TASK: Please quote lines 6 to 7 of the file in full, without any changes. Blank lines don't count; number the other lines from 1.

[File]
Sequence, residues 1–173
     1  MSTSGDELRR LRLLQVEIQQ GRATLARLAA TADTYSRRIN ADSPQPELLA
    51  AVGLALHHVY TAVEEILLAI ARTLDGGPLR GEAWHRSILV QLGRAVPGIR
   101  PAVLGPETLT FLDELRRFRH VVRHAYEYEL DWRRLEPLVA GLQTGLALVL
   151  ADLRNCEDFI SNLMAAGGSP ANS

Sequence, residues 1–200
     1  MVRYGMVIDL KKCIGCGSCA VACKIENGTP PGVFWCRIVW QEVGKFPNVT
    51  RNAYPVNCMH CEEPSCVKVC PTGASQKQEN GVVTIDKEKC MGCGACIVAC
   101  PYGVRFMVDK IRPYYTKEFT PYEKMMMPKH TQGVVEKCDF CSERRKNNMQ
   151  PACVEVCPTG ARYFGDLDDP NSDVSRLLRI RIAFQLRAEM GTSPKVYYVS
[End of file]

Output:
Sequence, residues 1–200
     1  MVRYGMVIDL KKCIGCGSCA VACKIENGTP PGVFWCRIVW QEVGKFPNVT